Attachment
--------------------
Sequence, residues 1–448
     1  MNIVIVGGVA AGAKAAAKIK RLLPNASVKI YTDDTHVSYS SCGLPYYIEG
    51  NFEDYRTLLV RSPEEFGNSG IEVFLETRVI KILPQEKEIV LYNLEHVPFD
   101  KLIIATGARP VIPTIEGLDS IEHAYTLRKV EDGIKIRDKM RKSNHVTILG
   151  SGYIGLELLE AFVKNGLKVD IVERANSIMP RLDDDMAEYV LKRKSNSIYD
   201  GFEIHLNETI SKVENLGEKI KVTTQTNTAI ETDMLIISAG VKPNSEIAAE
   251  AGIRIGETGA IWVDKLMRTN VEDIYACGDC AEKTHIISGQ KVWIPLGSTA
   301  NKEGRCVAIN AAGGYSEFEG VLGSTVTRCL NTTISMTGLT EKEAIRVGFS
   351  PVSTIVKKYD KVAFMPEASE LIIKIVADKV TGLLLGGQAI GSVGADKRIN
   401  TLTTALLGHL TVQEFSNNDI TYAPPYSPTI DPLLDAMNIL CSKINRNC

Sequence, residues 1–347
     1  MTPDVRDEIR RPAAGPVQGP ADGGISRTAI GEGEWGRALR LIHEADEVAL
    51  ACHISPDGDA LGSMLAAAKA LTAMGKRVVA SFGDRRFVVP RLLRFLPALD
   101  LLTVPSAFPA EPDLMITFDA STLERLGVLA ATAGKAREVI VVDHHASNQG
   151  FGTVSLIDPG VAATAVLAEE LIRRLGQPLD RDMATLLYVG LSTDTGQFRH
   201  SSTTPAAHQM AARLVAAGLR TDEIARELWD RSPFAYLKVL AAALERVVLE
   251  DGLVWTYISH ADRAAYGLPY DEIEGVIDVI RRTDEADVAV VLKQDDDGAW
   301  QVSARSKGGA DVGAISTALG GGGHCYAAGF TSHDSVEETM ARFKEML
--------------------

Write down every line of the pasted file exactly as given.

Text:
Sequence, residues 1–448
     1  MNIVIVGGVA AGAKAAAKIK RLLPNASVKI YTDDTHVSYS SCGLPYYIEG
    51  NFEDYRTLLV RSPEEFGNSG IEVFLETRVI KILPQEKEIV LYNLEHVPFD
   101  KLIIATGARP VIPTIEGLDS IEHAYTLRKV EDGIKIRDKM RKSNHVTILG
   151  SGYIGLELLE AFVKNGLKVD IVERANSIMP RLDDDMAEYV LKRKSNSIYD
   201  GFEIHLNETI SKVENLGEKI KVTTQTNTAI ETDMLIISAG VKPNSEIAAE
   251  AGIRIGETGA IWVDKLMRTN VEDIYACGDC AEKTHIISGQ KVWIPLGSTA
   301  NKEGRCVAIN AAGGYSEFEG VLGSTVTRCL NTTISMTGLT EKEAIRVGFS
   351  PVSTIVKKYD KVAFMPEASE LIIKIVADKV TGLLLGGQAI GSVGADKRIN
   401  TLTTALLGHL TVQEFSNNDI TYAPPYSPTI DPLLDAMNIL CSKINRNC

Sequence, residues 1–347
     1  MTPDVRDEIR RPAAGPVQGP ADGGISRTAI GEGEWGRALR LIHEADEVAL
    51  ACHISPDGDA LGSMLAAAKA LTAMGKRVVA SFGDRRFVVP RLLRFLPALD
   101  LLTVPSAFPA EPDLMITFDA STLERLGVLA ATAGKAREVI VVDHHASNQG
   151  FGTVSLIDPG VAATAVLAEE LIRRLGQPLD RDMATLLYVG LSTDTGQFRH
   201  SSTTPAAHQM AARLVAAGLR TDEIARELWD RSPFAYLKVL AAALERVVLE
   251  DGLVWTYISH ADRAAYGLPY DEIEGVIDVI RRTDEADVAV VLKQDDDGAW
   301  QVSARSKGGA DVGAISTALG GGGHCYAAGF TSHDSVEETM ARFKEML